Someone posted correspondence recently (from a few years back, if I recall) on Reddit where Ted explained that he would very much like to issue a publication of his own Tolkien art, but that rights/ownership issues & reluctance "from publishers" (I paraphrase, but I assume he meant HarperCollins) has so far thwarted all such attempts. I'm not sure if I've ever read why Ted wasn't involved in the original film(s) production (as Howe & Lee were), but a combination of things have clearly made any such volume unlikely at present or in the future (apparently).

If you can, I would be very interested in the Reddit post from Ted that you mentioned, do you have a link?
Nov 29, 2019
2019/11/29 16:32:42 (GMT) Greenwich Mean Time, London, Dublin, Lisbon, Casablanca, Monrovia
Ted stated in an interview from 2004 that "they invited me to be there with the others in New Zealand to help with conceptual art, and made me a nice offer. However, I was going through a personal crisis unrelated to my art, and in the end, being that it would also force me to abandon my freelance obligations and be away indefinitely, I reluctantly declined, settling the question in my mind after very careful deliberation."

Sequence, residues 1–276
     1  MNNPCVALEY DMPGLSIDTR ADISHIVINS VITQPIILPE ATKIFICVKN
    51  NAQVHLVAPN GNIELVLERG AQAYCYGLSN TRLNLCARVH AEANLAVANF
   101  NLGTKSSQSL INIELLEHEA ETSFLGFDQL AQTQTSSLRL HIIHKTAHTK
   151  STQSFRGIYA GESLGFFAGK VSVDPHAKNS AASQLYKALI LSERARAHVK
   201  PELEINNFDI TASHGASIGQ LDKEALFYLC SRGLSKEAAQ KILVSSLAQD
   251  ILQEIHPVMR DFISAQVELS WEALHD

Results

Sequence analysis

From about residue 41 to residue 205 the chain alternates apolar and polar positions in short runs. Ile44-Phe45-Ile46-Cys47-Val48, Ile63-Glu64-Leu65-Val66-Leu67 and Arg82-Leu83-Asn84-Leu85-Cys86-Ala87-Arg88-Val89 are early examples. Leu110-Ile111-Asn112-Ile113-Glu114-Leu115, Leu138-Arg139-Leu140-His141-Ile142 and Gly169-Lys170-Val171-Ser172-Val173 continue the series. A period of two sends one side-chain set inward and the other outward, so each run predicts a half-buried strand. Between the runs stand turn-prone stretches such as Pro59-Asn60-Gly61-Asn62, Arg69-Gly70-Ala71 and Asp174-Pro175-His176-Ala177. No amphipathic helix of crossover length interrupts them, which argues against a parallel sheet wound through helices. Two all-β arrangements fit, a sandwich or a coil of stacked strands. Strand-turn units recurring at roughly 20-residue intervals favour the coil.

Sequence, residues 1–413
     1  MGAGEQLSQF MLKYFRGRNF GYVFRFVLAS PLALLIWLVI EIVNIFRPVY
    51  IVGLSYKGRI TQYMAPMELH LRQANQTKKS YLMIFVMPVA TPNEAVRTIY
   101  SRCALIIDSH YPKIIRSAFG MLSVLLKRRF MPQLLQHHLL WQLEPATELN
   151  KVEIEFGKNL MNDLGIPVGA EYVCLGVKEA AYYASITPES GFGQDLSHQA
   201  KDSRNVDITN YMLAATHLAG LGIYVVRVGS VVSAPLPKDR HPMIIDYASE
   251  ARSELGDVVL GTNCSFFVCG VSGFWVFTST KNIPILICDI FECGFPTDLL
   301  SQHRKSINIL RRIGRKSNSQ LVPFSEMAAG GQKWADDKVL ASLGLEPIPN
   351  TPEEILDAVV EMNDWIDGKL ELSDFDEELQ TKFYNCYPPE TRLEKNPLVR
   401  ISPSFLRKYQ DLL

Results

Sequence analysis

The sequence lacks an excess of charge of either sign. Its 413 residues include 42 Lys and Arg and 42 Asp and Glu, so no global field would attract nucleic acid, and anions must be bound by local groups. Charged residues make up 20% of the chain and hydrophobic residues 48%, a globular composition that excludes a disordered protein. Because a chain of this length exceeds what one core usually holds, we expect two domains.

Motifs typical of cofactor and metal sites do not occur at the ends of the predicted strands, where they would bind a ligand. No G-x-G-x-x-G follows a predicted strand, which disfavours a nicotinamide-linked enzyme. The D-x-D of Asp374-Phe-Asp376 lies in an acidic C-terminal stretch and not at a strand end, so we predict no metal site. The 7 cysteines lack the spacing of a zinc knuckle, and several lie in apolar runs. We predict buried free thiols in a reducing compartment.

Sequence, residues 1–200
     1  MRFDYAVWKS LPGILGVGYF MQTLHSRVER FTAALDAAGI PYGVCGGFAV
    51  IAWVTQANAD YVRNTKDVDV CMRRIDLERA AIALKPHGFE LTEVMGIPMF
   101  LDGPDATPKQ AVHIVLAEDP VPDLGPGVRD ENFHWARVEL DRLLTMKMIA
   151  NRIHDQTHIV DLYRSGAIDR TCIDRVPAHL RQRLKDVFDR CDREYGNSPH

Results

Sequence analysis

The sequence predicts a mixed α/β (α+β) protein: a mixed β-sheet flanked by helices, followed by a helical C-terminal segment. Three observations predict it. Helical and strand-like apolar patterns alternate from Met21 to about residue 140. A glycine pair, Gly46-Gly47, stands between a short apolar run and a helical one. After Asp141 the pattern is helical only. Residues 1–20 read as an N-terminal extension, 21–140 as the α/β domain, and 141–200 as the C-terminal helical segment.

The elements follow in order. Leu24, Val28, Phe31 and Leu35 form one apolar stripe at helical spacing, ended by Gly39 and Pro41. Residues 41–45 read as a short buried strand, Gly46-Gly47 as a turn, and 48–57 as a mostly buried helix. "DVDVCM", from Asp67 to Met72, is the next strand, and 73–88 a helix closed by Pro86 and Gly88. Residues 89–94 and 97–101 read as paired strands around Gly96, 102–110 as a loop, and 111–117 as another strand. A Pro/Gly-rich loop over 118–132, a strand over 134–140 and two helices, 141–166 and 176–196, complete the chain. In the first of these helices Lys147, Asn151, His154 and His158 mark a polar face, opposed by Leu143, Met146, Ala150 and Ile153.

REDDIT POST
Nov 29, 2019
2019/11/29 18:02:08 (GMT) Greenwich Mean Time, London, Dublin, Lisbon, Casablanca, Monrovia
REDDIT:
Email correspondence between myself and Ted Nasmith from a couple of years back that I thought some of you might find interesting
(Posted November 2019)
Thanks for your inquiry. Unfortunately there has never been a book published which exclusively focuses on my Tolkien art, and it has been a frustration of mine for some years. The difficulty arises from the legalities of the copyrighted nomenclature based in Tolkien's Middle earth, and a literary Estate of the late author that only grudgingly consents to granting rights to publish my art in a volume of the sort fans like you have sought. Discussions on possible avenues to take that might overcome the obstacles have never gained sufficient traction. An early potential book to be published by HarperCollins foundered when John Howe's comparable art book didn't sell very well (required to contain 50% non Tolkien material). They pointed to it in their change of heart regarding mine.